When Loneliness Is Eating
Meet Bud (all names changed to protect privacy).
Bud is an elderly widowed friend who lives by himself and can no longer drive. Indeed, he is almost blind, but he has various people that look in on him, officially and unofficially, and while we don’t see him nearly as often as we’d like or we should, we try to keep in touch.
I hope you’ll consider ways you can connect—whether inviting them to dinner, taking over a hamburger or even a simple dessert, or just going out for some cheap fast food.
So recently we offered to bring a hamburger home from town for Bud. “Sure,” he said, adding, “if you don’t mind.” Always so polite. “That sounds really good.” We ordered his favorite fast-food burger—a Whopper Jr. with the tomato and lettuce—and hurried the four miles out to his house.
We chatted as he ate. When Bud finished he proclaimed, “That was the best hamburger I’ve ever had.” We were stunned. A quite ordinary fast-food burger—some would perhaps even call it unhealthy. But I think he was just hungry for one and I know he enjoyed the company as he ate.
Meet Sal and Al.
Sal is also elderly but still has her spouse, Al, as well as good eyesight and hearing, and children living nearby. On this particular evening I suggested to my husband we drop over with “dessert”—the simplest of ice cream sandwiches. When we went over, Al called to his wife to come out and join us. Sal was reluctant. Frequently “without much energy,” as Al put it, she had major health problems a few years ago. But at last Sal came out of her bedroom and sat with us and finally chomped down on the ice cream sandwich. It was as if the chocolate or sweetness went straight to her “feel good” place. She perked up, engaged in conversation, and told us how down she’d been feeling. We were so pleased to hear her say of the humble ice cream sandwich, “Boy that just hit the spot! It was so good!”
Minnie’s husband of 68 years died recently and she still misses him acutely. She confesses that she “hates eating alone.” I do not know Minnie as well as Sal, Al, and Bud, but was not too surprised to hear how difficult Minnie finds it to prepare and consume food in her lovely home all by herself. When her small group from church met there recently, she fixed almost a feast instead of simple refreshments. But more than the wonderful and beautiful spread of food she prepared, I know she enjoyed the company.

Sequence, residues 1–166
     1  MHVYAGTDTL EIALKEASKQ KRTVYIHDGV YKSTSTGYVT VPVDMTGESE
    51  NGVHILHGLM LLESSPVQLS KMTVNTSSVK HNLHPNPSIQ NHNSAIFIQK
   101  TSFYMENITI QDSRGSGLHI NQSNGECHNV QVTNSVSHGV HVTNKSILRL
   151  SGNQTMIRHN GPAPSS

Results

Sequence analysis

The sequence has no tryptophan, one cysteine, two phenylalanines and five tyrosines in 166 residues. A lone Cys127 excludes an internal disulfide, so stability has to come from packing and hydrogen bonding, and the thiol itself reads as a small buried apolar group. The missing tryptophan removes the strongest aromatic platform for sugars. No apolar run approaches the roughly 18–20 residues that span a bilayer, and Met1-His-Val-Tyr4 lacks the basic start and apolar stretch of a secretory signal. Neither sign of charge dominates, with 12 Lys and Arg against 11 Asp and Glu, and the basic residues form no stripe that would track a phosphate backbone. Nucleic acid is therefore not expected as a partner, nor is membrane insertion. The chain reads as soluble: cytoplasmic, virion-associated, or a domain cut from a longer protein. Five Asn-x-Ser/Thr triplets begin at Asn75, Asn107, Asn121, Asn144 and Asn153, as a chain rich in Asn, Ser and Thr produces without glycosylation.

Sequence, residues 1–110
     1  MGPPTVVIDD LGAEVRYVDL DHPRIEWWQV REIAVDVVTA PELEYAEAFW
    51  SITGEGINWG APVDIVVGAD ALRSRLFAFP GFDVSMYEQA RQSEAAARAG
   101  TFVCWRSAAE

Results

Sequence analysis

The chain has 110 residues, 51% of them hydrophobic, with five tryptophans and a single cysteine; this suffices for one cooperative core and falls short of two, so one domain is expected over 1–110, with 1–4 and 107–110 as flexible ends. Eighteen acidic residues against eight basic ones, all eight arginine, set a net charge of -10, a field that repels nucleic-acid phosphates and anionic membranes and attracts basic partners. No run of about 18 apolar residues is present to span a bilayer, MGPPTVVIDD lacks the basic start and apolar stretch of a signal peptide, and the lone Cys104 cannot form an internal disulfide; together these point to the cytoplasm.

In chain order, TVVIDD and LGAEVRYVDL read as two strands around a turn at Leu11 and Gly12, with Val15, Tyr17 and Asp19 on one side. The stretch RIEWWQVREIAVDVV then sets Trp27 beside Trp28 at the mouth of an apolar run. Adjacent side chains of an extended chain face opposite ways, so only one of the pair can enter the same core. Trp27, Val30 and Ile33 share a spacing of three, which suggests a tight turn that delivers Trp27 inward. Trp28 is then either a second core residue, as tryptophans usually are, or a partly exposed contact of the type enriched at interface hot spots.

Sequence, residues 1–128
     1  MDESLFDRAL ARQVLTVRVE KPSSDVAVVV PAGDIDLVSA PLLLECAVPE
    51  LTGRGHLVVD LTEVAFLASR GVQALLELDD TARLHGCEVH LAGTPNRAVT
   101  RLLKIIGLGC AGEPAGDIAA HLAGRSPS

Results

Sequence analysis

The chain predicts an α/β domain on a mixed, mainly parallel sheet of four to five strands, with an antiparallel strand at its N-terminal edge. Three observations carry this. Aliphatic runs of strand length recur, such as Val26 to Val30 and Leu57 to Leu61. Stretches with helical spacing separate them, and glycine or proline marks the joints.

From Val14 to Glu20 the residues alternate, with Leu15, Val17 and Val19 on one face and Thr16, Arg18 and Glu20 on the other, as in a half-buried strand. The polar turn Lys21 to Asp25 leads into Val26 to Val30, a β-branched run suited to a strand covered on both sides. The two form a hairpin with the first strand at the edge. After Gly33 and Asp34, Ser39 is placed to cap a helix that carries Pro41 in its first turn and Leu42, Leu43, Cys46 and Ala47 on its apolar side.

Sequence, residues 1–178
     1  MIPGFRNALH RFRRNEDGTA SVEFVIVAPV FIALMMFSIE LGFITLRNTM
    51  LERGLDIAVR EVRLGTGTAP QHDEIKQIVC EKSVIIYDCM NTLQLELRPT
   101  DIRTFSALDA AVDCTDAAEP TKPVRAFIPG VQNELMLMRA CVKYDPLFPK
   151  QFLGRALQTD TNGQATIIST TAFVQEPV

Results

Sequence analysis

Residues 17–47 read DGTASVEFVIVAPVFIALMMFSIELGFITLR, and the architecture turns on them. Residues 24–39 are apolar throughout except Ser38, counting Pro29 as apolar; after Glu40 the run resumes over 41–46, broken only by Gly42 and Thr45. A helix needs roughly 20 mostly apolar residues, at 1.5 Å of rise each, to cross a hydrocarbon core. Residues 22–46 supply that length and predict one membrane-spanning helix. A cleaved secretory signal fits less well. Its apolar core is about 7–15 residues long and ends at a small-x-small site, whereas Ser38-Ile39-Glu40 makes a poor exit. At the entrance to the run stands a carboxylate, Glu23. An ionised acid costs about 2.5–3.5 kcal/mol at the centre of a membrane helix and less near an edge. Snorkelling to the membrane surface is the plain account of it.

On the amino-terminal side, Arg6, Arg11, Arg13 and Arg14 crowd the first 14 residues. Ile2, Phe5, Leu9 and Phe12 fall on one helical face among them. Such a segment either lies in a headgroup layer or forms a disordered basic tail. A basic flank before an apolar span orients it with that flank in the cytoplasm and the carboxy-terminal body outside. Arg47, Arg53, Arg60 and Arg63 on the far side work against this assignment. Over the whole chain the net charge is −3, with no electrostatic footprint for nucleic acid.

Bette is also a widow—almost 10 years now—and she still can’t bring herself to go to a restaurant or even a fast-food place to eat by herself. Occasionally she’ll pick up something “to go” from a deli or drive-through restaurant; but for her, it is just hard to go into a place and feel good about eating all alone.
I don’t think any of these dear folks—each one is approaching age 90 or just over it—suffers from technical depression. But they all certainly have had bouts with situational depression when they feel down. Who wouldn’t? Bette, at least, lives in a complex where she can go to the dining room for lunch if she wishes, and feels comfortable joining any of a variety of tables of people “eating alone.” They are not lonely because they talk with each other.
When I think of the others I’ve mentioned above, I know they exercise good habits to keep looking at life in positive ways and practicing gratitude. I admire each one and hope and pray their short stories may lead you to think of someone you know who may be in a similar situation.
I recently wrote about “keeping family dinner” in recognition of Family Dinner Day in the United States and Canada. I can imagine these folks I’ve written about just wish they had a busy family gathered around their table—or even eating on the fly, as we so often must.
If you know or have friends like I’ve mentioned above, I hope you’ll consider ways you can connect—whether inviting them to dinner, taking over a hamburger or even a simple dessert, or just going out for some cheap fast food.
The words of Jesus—the Golden Rule—apply here so well: “Do unto others whatever you would have them do unto you.”
For a free booklet, “Praying When You Are Depressed,” or if you missed my recent offer for “Journey through Loneliness,” email MelodieD@MennoMedia.org for either copy. Or write to Another Way, 1251 Virginia Ave., Harrisonburg, VA 22802.